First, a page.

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Monitoring the Greenland Ice Sheet from Space

As one part of my KNAP (Knowledge Acquisition Program)(basically, learn the stuff I need to know to be a competent researcher, consultant and writer), I’ve been undertaking a number of online courses. Another one ticked off the list this week was the ESA (European Space Agency) course “The Frozen Frontier: Monitoring the Greenland Ice Sheet from Space”.

This was really enjoyable. Apart from a few lectures near the end, it was pretty easy-going and informal, but with enough relevant solid data and knowledge to keep the “hard science” ethos satisfied. It’s also (glances at climate news) obviously topical, and make me twitch to visit an ice sheet (or have a return visit to a glacier). Though also with some fear; moulins are fascinating and dramatic, but not a cryospheric feature I want to get close to.

A screenshot from one of the videos which make up the ESA (European Space Agency) course "The Frozen Frontier: Monitoring the Greenland Ice Sheet from Space"
A screenshot from an online course about the Greenland ice sheet.

The course specifically answered a bundle of my questions; for example, how are the changes in the Greenland ice sheet and mass measured, and how accurate are these measurements. Plus a considerable amount of detail I didn’t know I didn’t know (IDKIDK is a ‘thing’ built into my KNAP) was included; for example, which satellites measured what, how frequently, and how is this data collected by researchers and scientists.

A caveat is that it’s a free course (formerly a MOOC) because it was produced around 2016/17 – so that’s where the data, findings, trends, conclusions and so forth end. It would be great if it was updated, but this is unlikely as the main presenter – and driving force behind the ‘Swiss Camp’ on the Greenland ice sheet – is deceased, due to an accident while undertaking fieldwork. However, the ESA provide several other related online courses in the wider climate-science field, and I’ll be working my way through those in future months.

The course is here:

The iceberg which sank the Titanic

I mentioned earlier this year the question about how long glaciers last before they melt away. As a sudden thought, I did a search on one of the most (in)famous glaciers in history, the one which sank the Titanic.

There are various articles which take quotes and text from each other, but this one from Gizmodo (2012) contains this interesting text:

…the Titanic sank in the North Atlantic, rather than the Arctic, which means the currents must have taken it far south of where it was calved. Starting on the Greenland coast, it would have moved from Baffin Bay to the Davis Strait and then onto the Labrador Sea and, at last, the Atlantic.

The Titanic iceberg was one of the lucky ones, so to speak, as the vast, vast majority of icebergs melt long before they reach that far south. Of the 15,000 to 30,000 icebergs calved each years by the Greenland glaciers, probably only about 1% of them ever make it all the way to the Atlantic. On April 15, 1912, the iceberg was some 1,5000 miles south of the Arctic Circle.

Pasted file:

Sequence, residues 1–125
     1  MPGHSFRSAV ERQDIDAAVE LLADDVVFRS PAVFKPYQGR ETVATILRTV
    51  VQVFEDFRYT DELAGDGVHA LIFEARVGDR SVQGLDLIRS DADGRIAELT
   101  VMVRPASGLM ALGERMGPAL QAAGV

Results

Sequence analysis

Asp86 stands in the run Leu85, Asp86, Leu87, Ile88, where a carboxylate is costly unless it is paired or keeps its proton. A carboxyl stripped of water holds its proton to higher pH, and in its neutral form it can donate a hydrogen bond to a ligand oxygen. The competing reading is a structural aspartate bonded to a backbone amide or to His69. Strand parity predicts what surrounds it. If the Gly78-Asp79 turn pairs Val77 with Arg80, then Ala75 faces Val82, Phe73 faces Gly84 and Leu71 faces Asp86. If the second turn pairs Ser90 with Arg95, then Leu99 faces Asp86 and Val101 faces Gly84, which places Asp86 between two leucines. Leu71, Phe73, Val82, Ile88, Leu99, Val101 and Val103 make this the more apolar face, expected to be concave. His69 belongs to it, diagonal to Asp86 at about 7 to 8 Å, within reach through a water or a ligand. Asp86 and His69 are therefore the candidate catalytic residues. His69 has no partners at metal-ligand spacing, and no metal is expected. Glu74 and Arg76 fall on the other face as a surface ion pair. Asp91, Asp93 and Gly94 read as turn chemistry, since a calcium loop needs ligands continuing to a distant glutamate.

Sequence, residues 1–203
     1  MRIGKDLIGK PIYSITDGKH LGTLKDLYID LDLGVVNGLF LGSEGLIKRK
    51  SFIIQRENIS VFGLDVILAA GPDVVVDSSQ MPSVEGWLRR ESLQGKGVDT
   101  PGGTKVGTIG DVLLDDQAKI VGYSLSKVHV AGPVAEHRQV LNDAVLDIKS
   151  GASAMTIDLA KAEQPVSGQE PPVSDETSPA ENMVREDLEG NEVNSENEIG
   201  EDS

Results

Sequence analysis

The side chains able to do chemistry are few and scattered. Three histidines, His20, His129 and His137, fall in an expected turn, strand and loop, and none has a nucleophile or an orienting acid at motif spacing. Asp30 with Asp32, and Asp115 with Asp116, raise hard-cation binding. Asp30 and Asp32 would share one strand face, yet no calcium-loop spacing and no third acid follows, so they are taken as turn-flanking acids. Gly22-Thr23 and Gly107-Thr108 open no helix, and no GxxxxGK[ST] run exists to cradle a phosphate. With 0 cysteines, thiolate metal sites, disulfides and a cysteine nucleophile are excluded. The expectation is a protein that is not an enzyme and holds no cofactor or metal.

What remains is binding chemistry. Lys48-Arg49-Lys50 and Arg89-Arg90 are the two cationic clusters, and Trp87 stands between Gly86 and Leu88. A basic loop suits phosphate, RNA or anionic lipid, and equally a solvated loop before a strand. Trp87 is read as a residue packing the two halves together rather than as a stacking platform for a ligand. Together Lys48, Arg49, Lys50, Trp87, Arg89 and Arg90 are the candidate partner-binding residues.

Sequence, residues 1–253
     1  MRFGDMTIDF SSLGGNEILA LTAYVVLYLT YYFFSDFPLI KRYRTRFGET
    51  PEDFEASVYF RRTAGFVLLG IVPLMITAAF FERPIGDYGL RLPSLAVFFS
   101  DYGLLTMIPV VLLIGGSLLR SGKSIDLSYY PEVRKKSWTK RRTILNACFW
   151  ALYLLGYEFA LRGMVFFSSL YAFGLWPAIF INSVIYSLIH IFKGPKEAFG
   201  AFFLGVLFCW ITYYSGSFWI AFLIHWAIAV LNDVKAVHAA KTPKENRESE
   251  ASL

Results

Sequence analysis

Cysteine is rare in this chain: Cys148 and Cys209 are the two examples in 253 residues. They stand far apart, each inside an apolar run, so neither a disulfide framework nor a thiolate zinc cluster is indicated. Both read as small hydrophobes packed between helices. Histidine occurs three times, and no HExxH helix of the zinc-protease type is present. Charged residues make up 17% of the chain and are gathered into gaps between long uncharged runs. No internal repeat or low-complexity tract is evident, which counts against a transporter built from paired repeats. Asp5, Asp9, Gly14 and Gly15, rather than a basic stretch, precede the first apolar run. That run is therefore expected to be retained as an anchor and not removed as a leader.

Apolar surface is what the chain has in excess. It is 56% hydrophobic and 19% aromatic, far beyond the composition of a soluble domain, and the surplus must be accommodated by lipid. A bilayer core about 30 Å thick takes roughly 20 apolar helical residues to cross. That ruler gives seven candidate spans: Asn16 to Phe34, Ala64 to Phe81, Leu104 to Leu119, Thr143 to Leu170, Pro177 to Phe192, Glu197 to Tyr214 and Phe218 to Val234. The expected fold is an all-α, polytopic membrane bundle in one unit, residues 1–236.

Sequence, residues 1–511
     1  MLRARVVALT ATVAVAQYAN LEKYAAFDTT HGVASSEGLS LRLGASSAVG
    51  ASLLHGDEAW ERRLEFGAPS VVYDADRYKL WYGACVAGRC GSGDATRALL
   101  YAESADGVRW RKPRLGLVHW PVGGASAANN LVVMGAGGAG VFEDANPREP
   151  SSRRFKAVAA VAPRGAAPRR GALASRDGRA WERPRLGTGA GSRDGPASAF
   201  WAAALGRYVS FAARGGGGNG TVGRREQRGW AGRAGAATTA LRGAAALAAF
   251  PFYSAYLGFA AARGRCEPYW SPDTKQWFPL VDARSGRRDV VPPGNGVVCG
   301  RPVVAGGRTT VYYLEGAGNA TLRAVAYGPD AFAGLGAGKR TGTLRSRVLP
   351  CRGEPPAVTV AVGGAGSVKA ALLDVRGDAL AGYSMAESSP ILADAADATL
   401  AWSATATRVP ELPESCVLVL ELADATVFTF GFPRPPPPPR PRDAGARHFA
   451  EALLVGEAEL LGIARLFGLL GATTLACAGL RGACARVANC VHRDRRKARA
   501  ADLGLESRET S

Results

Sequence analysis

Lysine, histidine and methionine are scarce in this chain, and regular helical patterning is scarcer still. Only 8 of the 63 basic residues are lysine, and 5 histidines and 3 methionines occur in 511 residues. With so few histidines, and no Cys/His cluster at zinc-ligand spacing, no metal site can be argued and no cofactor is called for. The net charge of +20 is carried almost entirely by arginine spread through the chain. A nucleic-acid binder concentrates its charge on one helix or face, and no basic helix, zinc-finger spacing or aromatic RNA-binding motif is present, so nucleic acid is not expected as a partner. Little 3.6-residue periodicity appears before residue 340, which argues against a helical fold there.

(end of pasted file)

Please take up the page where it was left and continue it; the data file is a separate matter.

The water temperature on the night of the Titanic sinking was thought to be about 28 degrees Fahrenheit, just below freezing. Such a temperature was of course lethally cold for all those passengers who had been forced to take to the open water to escape the sinking ship.

But such temperatures are far too warm to sustain icebergs for very long. The average life expectancy of an iceberg in the North Atlantic is only about two to three years from calving to melting. That means it likely broke off from Greenland in 1910 or 1911, and was gone forever by the end of 1912 or sometime in 1913.

So, even a (relatively) large iceberg, one large enough to gash open the Titanic, doesn’t last long until it melts away in certain ocean temperatures. (Obviously this is why icebergs aren’t a danger to shipping in the Mediterranean). Interesting to know.

As a side point, this article raises a particular theory as to the atmospheric conditions explaining why the lookouts on the ship didn’t see the iceberg until it was too late, while this 2012 article gives larger pictures of two of the candidate icebergs which caused the damage.

“Antarctic sea ice reaches lowest levels ever recorded”

(embarrasing moment: this article made me suddenly realise I wasn’t quite sure of the difference between Antarctic and Antarctica)

There’s an article in today’s Guardian about the recent and current retreat of the sea ice at the bottom of the world. It’s a very Guardianesque article about climate change: ominous, anxiety-inducing in some of the readership, but also with enough facts (which can be verified) and quotes from legitimate scientists to make for useful reading.

The article also mentiones the Thwaites glacier, which in media circles is somewhat the enfant terrible of glaciers. One of the reasons I’m exploring the world of MOOCs and other short online courses is to get answers to these questions:

  1. How do scientists measure sea ice expansion and retreat?
  2. If a glacier of volume X breaks off from an ice sheet, or calves from a glacier, how long does it take to melt?
  3. If X is very large (for instance, the aforementioned Thwaites coming off in one go), will its melting affect sea temperatures to any measureable (fraction of a) degree?

There’s other, more obscure, questions, but those are the three which keep coming to mind on reading articles like this. A preliminary search of academic papers doesn’t give clear or easy-to-understand answers, but maybe the right course(s) will?